Fall 2014 SSF Events

The U.S. Constitution and the Battle Over Racial Equality Today

Rogers M. Smith, H. Browne Distinguished Professor of Political Science and Associate Dean for the Social Sciences and Chair of the University of Pennsylvania’s Program on Democracy, Citizenship, and Constitutionalism

The author of seven books on citizenship and equality in the United States, including one that was a finalist for the 1998 Pulitzer Prize in History, Dr. Smith will address why America’s political leaders avoid discussing racial policies, even as many forms of racial inequality persist and deepen. Smith argues that the United States is profoundly divided between two rival conceptions of civic equality–but that common ground may be found in the bold views of the Constitution’s purposes advanced by Frederick Douglass and Abraham Lincoln.

Constitution and Citizenship Day Lecture, sponsored with the Department of Political Science; Department of Africana Studies; Department of American Studies; Department of Philosophy; School of Public Policy; Office of Student Life

The Unforeseen Anticompetitive and Racially Discriminatory Effects of Baseball’s North American Draft

Stephen F. Ross, Lewis H. Vovakis Distinguished Faculty Scholar, Professor of Law, and Director, Penn State Institute for Sports Law, Policy, and Research, Penn State University Dickinson School of Law

When Major League Baseball instituted its amateur draft in 1966, elite players honed their sills in widely available competitions organized by high schools and the American Legion.  Today, virtually all North American youth selected in the draft or offered major college scholarships must join private, elite, and expensive traveling teams to display their talent.  In contrast, MLB teams spend millions to train poor Latin American kids in academies, because these young men are not subject to the draft.  Professor Ross will propose modifications to create economic incentives for MLB teams to invest in domestic academies for youth unable to afford private teams.

Sponsored by the Department of Economics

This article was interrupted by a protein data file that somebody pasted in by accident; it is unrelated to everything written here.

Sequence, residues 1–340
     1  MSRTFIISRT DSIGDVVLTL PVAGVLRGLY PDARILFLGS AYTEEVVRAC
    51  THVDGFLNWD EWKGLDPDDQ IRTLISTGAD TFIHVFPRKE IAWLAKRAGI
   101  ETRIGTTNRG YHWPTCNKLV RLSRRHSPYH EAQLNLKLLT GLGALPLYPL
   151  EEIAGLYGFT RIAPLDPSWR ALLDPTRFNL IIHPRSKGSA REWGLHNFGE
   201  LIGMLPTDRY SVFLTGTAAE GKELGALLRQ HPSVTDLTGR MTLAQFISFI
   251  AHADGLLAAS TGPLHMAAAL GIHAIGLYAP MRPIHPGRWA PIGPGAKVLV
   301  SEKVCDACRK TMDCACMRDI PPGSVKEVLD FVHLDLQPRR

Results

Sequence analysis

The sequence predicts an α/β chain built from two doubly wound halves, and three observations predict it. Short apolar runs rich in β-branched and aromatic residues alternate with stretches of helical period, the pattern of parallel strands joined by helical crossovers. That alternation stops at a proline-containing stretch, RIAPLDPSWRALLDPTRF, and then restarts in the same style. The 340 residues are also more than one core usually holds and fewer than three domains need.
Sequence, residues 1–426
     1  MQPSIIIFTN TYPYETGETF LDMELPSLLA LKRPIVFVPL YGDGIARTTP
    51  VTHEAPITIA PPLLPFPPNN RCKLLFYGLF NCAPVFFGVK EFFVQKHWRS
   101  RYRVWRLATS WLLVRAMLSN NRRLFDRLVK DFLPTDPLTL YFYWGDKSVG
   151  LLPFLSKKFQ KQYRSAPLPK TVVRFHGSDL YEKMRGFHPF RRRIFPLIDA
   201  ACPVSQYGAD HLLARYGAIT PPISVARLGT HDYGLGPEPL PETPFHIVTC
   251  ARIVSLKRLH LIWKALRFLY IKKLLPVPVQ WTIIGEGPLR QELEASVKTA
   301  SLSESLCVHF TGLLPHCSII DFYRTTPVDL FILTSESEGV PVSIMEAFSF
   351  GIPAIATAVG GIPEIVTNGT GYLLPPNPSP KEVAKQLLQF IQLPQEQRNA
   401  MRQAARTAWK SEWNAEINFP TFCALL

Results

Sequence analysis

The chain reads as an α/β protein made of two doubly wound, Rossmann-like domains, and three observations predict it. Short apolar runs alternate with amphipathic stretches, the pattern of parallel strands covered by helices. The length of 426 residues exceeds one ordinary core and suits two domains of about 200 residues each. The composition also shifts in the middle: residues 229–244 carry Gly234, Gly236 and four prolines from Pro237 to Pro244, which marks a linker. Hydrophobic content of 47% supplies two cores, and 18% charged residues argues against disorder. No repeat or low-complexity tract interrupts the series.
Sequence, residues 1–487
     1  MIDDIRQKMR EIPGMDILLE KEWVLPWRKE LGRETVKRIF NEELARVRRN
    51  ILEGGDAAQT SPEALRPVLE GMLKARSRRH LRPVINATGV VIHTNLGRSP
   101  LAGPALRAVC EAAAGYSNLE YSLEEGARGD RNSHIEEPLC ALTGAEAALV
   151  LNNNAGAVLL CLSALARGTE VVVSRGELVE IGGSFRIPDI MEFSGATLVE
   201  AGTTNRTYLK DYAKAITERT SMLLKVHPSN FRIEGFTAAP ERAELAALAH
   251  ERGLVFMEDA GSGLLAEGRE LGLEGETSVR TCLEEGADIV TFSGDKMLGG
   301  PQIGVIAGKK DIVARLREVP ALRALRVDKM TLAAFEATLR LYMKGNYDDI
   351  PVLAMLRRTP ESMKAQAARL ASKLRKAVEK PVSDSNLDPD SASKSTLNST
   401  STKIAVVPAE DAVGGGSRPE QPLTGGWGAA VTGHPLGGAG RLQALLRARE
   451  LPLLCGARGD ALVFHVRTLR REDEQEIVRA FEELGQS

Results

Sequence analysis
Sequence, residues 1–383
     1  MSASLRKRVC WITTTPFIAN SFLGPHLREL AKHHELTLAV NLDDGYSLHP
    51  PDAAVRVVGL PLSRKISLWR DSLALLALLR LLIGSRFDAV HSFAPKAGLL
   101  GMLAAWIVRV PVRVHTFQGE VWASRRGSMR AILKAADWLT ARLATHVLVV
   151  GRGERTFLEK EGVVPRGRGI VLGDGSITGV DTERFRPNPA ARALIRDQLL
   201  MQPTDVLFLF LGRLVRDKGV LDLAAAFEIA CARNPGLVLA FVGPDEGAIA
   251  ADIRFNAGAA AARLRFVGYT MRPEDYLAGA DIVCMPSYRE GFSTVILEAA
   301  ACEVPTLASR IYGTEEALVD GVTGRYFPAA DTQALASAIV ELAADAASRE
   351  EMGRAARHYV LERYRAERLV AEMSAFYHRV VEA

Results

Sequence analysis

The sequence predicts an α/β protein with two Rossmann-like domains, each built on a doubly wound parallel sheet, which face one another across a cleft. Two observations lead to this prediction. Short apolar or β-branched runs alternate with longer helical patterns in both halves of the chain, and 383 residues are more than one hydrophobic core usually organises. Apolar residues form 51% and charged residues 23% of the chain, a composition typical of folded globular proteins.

Economic Freedom and the Wealth and Health of Nations

Robert A. Lawson, Jerome M. Fullinwider Endowed Centennial Chair in Economic Freedom, The O’Neil Center for Global Markets and Freedom, Southern Methodist University

Dr. Lawson and his colleagues produce the annual Economic Freedom of the World Index.  Dr. Lawson will discuss the Index and how economic freedom impacts the wealth and health of countries worldwide.

Sponsored by the Department of Economics

W.E.B. Du Bois and the Challenge to Scientific Racism

View lecture online

Evelynn M. Hammonds, the Barbara Gutmann Rosenkrantz Professor of the History of Science, Professor of African and African American Studies, and Director of the Program for the Study of Race & Gender in Science & Medicine at the Hutchins Center for African and African American Research, Harvard University

A renowned researcher and author on the history of disease, on the analysis of race, gender and science, and on African-American women and the epidemic of HIV/AIDS, Dr. Hammonds will discuss the ever evolving intersection of scientific, medical, anthropological, and socio-political concepts of race in the United States from the early nineteenth century to present day.

W.E.B. Du Bois Lecture, sponsored by the Department of Africana Studies; Office of the Dean of the College of Arts, Humanities, and Social Sciences

Post-Election Forum

Join experienced political analysts and journalists for an engaging discussion of the 2014 Maryland Gubernatorial election – the campaigns, the candidates, the issues and, of course, the election outcomes.

Sponsored by the Maryland Institute for Policy, Analysis, and Research (MIPAR); Department of Public Policy

Will the Workplace of the Future Have Any Workers?

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David Autor, Professor of Economics, MIT

In this, Dr. David Autor talk offers a conceptual and empirical overview of the evolving relationship between computer capability and human skill demands. He begins by sketching historical thinking about machine displacement of human labor—which is primarily a series of grim and ultimately incorrect predictions about collapsing employment and excess leisure. Autor next considers the impact of computerization on industrialized country labor market over the last three decades, which is seen in the phenomenon of labor market “polarization” — meaning the simultaneous growth of high-education, high-wage and low-education, low-wages jobs. He will finally reflect on how recent advances in artificial intelligence and robotics may shape the trajectory of employment growth, occupational change and skill demands in coming decades.

A key observation of the talk is that journalists and expert commentators overstate the extent of machine substitution for human labor and ignore the strong complementarities that increase productivity, raise earnings, and augment demand for skilled labor. The challenges to substituting machines for workers in tasks requiring flexibility, judgment, and common sense remain immense, primarily because humans apply tacit skills and knowledge that have proved extraordinarily difficult to codify. Contemporary computer science seeks to overcome this challenge by building machines that learn from human examples, thus inferring the rules that we tacitly apply but do not explicitly understand.

Mullen Lecture, sponsored by the Department of Economics